Blockchain-based Technologies – insecure in any Case?

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Blockchain image by Davidstankiewicz is licensed under CC SA 4.0
Blockchain image by Davidstankiewicz is licensed under CC SA 4.0
 / 29. August. 2017

Security of Blockchain based technologies is much-praised but one has to separate between concept and implementation. Only the concept is secure [1]. Especially the security quality of the implementations [2] must therefore be rated by identified security vulnerabilities [3].

This applies to Blockchain functions such as smart contracts, dApps, consensus, transactions, block generation and management, as well as hashes, encryption, and random number generators – not just in executable code, but also in design and implementation. Inspecting the source code is not sufficient [4]. Distributed Denial of Service (DDoS) attacks may be successful against implementations [5] and unauthorized disconnections of nodes from the network as well as invalid contents in transactions.

The used hash algorithms have a huge influence on the security level. Bitcoin uses SHA-2 (SHA-256) and therefore complies with the BSI recommendations (only) until the year 2022. If the hash function is broken, a new software version must be deployed to all nodes and a new Blockchain using the new hash function must be created (hard fork). The trustworthy administration (generation, storage, deletion, etc.), in particular of the associated private keys is the responsibility of each of the individual participants. This includes their secrecy, and also the data backup, e.g. for the digital signature. A public key is used in transactions as a recipient address (Bitcoin).

Attacks against Blockchain implementations are known [6], [7]. Two security vulnerabilities were identified in the Android Bitcoin client “Bitcoin Wallet”. In both cases, the random number generator was at fault [8], [9]. Successful attacks allow to cancel an already incurred transaction or the replay of a transaction (double spend) as well as to block foreign transactions.

When an attacker gets control of network parts or gets access to the network owned by individual subscribers, the attacker can present a Blockchain with alternative blocks to them. A solution to this problem must be considered in the implementation. For consensus,a large number of independent participants is required.

The transaction contents and blocks are deliberately readable by everyone. Block-based technologies with encrypted block data are possible; only in this way confidentiality can be achieved.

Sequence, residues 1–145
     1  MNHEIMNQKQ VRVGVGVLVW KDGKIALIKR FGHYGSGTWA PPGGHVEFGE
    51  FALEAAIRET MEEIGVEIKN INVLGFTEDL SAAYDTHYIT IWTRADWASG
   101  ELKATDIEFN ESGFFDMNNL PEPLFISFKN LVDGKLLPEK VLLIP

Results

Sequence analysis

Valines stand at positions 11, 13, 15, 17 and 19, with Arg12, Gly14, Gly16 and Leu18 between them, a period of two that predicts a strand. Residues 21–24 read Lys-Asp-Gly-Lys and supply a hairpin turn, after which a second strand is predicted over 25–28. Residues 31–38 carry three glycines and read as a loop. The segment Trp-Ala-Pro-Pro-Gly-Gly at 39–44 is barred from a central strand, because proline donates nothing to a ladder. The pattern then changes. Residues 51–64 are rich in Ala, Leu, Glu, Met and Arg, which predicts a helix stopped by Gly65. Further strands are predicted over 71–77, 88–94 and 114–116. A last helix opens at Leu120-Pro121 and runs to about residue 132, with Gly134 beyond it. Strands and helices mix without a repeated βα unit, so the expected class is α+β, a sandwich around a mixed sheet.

An entire protection against Denial of Service attacks is hard to achieve and depends on the underlying network infrastructure.

Secure and stable clients are required for all participants.

In a Blockchain, anonymity can’t be achieved without further measures; only pseudonymity can be achieved. The Blockchain and thus all transactions are traceable (e.g., cash flows). If an initiator of a transaction wants to hide his real IP address he has to use a service like TOR. The EU, however, plans an identification of all Blockchain users by law [10].

These examples show that the implementation of the Blockchain method involves challenges, and the level of security depends in particular on the implementation quality/security quality of the components: Sufficient is only a complete Security Testing Process based on ISO 27034 consisting of the following 5 methods:

  • Security Requirements Analysis,
  • Threat Modeling (Analysis of the Security Design)
  • Static Source Code Analysis (Review of the code)
  • Classic Penetration Testing (Identify already public security vulnerabilities)
  • Dynamic Analysis – Fuzzing (Identify Zero-Day-Vulnerabilities)

[1]   Nakamoto, S.: Bitcoin: A Peer-to-Peer Electronic Cash System. https://bitcoin.org/bitcoin.pdf

[2]   Pohl, H. et al.: Sichere Softwareentwicklung nach ISO 27034. KES 24 – 25, 5, 2014

[3]   Common Vulnerabilities and Exposures. Incident CVE-2010-5139 https://en.bitcoin.it/wiki/Common_Vulnerabilities_and_Exposures#CVE-2010-5139 und
Bitcoin.org: 11/12 March 2013 Chain Fork Information https://bitcoin.org/en/alert/2013-03-11-chain-fork

[4]   Fefes Blog Mon Jul 3 2017 https://blog.fefe.de/?ts=a7a45c1a

[5]   Giese, P.: Mysteriöse riesige BTC-Transaktionen verlangsamen Bitcoin-Netzwerk. BTC-Echo 10.3.17 https://www.btc-echo.de/mysterioese-riesige-btc-transaktionen-verlangsamen-bitcoin-netzwerk/

[6]   Karagiannis, K.: Hacking Blockchain.RSA Conference San Francisco 2017 http://bit.ly/2oKP62s

[7]   Blockchain Graveyard https://magoo.github.io/Blockchain-Graveyard/

[8]   55 BTC Stolen Through Security Vulnerability in Android Bitcoin Wallets. TradeBlock Aug 11, 2013 https://tradeblock.com/blog/security-vulnerability-in-all-android-bitcoin-wallets

[9]   Goodin, D.: Crypto flaws in Blockchain Android app sent bitcoins to the wrong address. 5/29/2015 https://arstechnica.com/security/2015/05/crypto-flaws-in-blockchain-android-app-sent-bitcoins-to-the-wrong-address

[10] European Commission: Questions and Answers: Action Plan to strengthen the fight against terrorist financing. http://europa.eu/rapid/press-release_MEMO-16-209_de.htm

The Author: Prof. Dr. Hartmut Pohl is the CEO of the IT Security Consulting Company softScheck GmbH, Cologne / Sankt Augustin, Germany offering tactical and strategic security. Based on BSI base protection, ISO 27xxx family, COBIT, NIST SP 800, ITIL etc. incl. Forensics and identifies especially until now unknown Zero-Day-Vulnerabilities. softScheck accepts digital currencies.

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